According to editorialist Louis Lasagna, the FDA has approved niacin for treating hypercholesterolemia, and the National Cholesterol Education Program recommends it for primary prevention. Niacin still has a role in managing dyslipidemia, said Lasagna, "but not on the basis of self-diagnosis and self- treatment." The Medical College of Virgin-ia cholesterol research center routinely evaluates the efficacy and safety of drugs for hypercholesterolemia. "The incidence and severity of adverse reactions experienced with both niacin dosage forms in the present study, but particularly with SR niacin, were much greater than any investigational drug we have evaluated for hypercholesterolemia," concluded McKen-ney et al. "If niacin were being evaluated for efficacy and safety and our experiences were replicated by others, we do not believe that it would be approved by the FDA for use in the management of hypercholesterolemia." (McKenney JM et al. JAMA. 1994;271:672-677. Lasagna L. JAMA. 1994;271:709-710)

Score Document Title

100 [Pharmacologic treatment of lipid metabolism disorders] (Gmi´nski J; Wiad Lek, 1996)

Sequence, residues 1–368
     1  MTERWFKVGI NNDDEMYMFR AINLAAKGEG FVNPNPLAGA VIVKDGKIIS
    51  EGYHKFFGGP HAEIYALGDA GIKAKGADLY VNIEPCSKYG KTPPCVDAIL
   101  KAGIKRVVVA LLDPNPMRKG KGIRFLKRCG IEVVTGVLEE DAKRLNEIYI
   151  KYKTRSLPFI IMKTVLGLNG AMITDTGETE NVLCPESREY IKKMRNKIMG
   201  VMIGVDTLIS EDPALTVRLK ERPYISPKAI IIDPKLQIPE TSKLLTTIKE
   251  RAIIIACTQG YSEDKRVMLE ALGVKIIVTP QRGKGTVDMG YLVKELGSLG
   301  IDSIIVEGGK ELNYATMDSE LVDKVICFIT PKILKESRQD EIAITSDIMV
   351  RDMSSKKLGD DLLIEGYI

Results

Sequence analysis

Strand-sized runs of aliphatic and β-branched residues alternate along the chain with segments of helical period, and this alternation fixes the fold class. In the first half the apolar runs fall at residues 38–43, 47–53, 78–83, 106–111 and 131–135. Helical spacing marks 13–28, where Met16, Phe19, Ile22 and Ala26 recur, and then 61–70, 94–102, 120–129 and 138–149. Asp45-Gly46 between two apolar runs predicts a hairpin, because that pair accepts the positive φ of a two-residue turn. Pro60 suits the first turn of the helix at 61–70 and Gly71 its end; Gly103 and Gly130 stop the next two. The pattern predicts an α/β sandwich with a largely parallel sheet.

95 The control on growth hormone release by free fatty acids is maintained in acromegaly. (Lanzi R; J Clin Endocrinol Metab, 1999 Apr)
94 Effect of decreasing plasma free fatty acids by acipimox on hepatic glucose metabolism in normal rats. (Lee KU; Metabolism, 1996 Nov)
94 The additional effects of acipimox to simvastatin in the treatment of combined hyperlipidaemia [corrected and republished article originally printed in J Intern Med 1997 Feb;241(2):151-5] (Hoogerbrugge N; J Intern Med, 1998 May)
94 The additional effects of acipimox to simvastatin in the treatment of combined hyperlipidaemia [corrected and republished in J Intern Med 1998 May;243(5):151-6] (Hoogerbrugge N; J Intern Med, 1997 Feb)